How Cloud Computing Can Improve Your Company’s Infrastructure
According to the Office of Energy Efficiency and and Renewable Energy, data centers are upgrading to new IT equipment every three to five years. The power density of a data center is 100 times more than a large commercial office building and is equivalent to nine small sized shopping malls of Wal-Mart size.
What’s more, data construction was projected to grow by 21 percent between 2014 and 2018. According to a 2011 survey, more than 38 percent of large companies are expected to exceed IT capacity within 18 months.
With more dependance on computing and technology when it comes to data center management, infrastructure support is crucial. One way to improve business and increase infrastructure support is through cloud computing.
Eighty two percent of companies reportedly saved money by moving to the cloud. Additionally, 25 percent of survey respondents said they would choose storage if they were able to move only one application to the cloud.
When it comes to cloud computing there are many advantages and disadvantages associated with it and it’s important to know both the pros and cons.
- Cost effectiveness: cloud computing doesn’t require the purchasing of equipment or the building of a data center, so money is saved on hardware, facilities and upgrades.
- Better collaboration: rather than having to meet face to face, cloud computing allows people to share information easier with shared storage.
- Better environmental footprint: cloud computing means less reliance on data centers and less of an environmental impact. About 50 percent of the energy supplied to a typical data center is used in the cooling and power infrastructure and cloud computing improves infrastructure support while also helping the environment.
- Better mobility: cloud computing also means employees can take their data and work with them anywhere they go. With a variety of mediums such as cell phones and tablets, employees can work from anywhere and share information from anywhere.
- More with less: cloud computing reduces the need for the average data center, reducing the need for software, servers and staff while improving IT support and infrastructure support.
- Costs: for small projects, companies might have to pay up for cloud computing. It may reduce some of the staff and physical needs, but companies should weigh the cost benefits before using it.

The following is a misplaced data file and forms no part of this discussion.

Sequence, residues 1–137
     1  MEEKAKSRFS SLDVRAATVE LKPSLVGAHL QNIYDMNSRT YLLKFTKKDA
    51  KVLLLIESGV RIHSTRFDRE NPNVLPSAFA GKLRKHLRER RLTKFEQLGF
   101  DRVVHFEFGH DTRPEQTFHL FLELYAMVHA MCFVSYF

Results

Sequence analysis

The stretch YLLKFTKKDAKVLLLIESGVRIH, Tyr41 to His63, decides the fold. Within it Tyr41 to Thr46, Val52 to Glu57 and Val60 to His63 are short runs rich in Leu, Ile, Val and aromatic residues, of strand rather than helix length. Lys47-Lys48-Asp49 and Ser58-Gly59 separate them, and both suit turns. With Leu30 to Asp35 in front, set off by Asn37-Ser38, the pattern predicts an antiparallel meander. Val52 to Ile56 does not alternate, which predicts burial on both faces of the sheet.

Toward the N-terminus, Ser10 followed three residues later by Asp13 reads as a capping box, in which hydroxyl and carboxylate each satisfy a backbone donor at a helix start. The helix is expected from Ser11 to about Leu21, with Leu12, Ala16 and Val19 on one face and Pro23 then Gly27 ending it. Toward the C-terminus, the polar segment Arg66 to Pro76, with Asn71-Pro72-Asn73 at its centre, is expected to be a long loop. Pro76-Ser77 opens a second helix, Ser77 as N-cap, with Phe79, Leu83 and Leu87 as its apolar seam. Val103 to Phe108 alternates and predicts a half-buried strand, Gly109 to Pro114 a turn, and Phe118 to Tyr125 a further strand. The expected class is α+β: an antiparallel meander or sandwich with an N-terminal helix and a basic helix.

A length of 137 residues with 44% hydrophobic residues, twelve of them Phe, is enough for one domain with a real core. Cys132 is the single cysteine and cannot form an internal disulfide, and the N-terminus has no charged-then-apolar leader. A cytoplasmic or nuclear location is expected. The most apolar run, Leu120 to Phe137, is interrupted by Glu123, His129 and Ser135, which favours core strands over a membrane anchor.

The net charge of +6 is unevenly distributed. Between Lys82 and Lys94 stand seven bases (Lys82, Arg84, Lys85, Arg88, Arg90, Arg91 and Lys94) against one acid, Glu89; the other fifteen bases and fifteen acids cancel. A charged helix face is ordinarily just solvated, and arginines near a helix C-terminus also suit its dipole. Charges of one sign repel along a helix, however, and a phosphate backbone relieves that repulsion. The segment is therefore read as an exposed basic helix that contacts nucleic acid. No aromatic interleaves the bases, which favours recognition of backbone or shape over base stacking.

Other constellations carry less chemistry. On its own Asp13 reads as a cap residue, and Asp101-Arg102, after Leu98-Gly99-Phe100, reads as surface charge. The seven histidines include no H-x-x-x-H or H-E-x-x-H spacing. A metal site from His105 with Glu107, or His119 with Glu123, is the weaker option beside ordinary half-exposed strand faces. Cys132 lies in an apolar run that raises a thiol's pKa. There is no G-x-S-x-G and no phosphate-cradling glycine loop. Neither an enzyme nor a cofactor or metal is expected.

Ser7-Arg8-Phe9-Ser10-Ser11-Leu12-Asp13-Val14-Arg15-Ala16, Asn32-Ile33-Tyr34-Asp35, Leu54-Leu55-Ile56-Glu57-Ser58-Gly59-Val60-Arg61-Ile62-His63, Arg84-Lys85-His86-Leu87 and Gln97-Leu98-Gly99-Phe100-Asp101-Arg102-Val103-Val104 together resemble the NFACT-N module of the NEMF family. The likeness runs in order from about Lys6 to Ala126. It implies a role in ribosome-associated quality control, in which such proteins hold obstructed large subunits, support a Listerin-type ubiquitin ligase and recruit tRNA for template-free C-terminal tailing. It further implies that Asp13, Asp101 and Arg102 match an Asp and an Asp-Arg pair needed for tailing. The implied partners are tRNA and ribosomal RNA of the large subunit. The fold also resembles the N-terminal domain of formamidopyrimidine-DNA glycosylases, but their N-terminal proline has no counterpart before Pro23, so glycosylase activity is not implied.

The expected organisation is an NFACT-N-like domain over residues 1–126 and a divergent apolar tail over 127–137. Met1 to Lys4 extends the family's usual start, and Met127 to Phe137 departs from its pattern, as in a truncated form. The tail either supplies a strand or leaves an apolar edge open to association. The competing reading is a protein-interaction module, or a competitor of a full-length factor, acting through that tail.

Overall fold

- Relying on the Internet: as helpful as cloud computing can be, cloud computing systems use the Internet. That means when the Internet is down, companies can’t access the files and data they’ve saved to the cloud. No Internet means a company slowdown and depending on how long it goes for, it might end up costing a company more money and time.
- Security: cloud computing makes things easier, but when it comes to protecting your privacy on the cloud, there is always a risk. There are have been many leaks of private information that was previously saved to a cloud service and companies must take care to find a cloud service that will keep their information safe.
- Vulnerability: since cloud systems are Internet based, nothing on the Internet is truly safe from attacks. Cloud systems are meant to be public services and that comes with the risk that someone can get ahold of private information.
- Dependency on platforms: certain companies or vendors might be locked in to one cloud service while your company is tied to another one. Re-configuring everything to do business can take time and might cost money to sort things out in order to make it work.
Cloud computing offers companies many opportunities to improve their infrastructure support, reduce their environmental footprint and eliminate dependency on physical tools such as data center infrastructure and high density cooling equipment. But cloud computing carries many advantages and disadvantages and it’s important for companies to take care in weighing the risk and benefits before making the switch.